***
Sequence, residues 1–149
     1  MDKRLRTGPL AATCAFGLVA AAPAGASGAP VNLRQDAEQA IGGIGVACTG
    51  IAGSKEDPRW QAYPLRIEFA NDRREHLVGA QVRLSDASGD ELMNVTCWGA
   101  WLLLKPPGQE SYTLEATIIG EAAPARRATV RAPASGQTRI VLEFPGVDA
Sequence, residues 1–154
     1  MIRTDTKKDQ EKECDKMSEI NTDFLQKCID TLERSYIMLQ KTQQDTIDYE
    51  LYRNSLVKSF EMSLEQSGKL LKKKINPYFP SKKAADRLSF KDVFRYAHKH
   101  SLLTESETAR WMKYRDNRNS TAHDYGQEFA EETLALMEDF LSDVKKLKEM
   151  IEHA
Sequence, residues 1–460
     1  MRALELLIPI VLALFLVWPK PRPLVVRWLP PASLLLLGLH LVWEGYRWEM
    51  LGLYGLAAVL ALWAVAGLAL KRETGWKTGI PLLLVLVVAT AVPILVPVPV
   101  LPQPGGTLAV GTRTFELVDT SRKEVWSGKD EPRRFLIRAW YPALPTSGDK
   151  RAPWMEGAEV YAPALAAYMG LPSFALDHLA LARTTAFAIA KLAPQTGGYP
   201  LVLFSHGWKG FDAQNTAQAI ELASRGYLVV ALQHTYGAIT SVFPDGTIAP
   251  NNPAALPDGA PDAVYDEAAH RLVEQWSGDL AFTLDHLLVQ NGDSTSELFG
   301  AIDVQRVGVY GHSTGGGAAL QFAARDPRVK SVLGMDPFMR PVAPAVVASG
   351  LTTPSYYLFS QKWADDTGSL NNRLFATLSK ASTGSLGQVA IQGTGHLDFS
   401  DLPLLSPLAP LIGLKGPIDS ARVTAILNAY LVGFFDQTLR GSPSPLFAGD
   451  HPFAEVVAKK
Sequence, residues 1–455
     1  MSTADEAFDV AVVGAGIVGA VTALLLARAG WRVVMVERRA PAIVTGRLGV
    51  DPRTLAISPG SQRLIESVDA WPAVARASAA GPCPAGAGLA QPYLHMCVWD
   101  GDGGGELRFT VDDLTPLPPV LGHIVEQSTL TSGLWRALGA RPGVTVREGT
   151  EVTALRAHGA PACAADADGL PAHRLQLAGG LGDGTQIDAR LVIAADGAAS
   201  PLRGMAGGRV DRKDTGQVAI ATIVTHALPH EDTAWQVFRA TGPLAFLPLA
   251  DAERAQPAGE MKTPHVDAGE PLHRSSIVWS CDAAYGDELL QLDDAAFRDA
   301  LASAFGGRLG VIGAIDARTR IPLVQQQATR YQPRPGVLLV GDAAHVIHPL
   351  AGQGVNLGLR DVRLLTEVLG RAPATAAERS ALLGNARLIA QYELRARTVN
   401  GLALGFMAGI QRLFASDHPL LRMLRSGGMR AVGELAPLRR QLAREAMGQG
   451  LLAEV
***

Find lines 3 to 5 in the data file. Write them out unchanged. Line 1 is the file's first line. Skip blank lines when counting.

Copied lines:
    51  IAGSKEDPRW QAYPLRIEFA NDRREHLVGA QVRLSDASGD ELMNVTCWGA
   101  WLLLKPPGQE SYTLEATIIG EAAPARRATV RAPASGQTRI VLEFPGVDA
Sequence, residues 1–154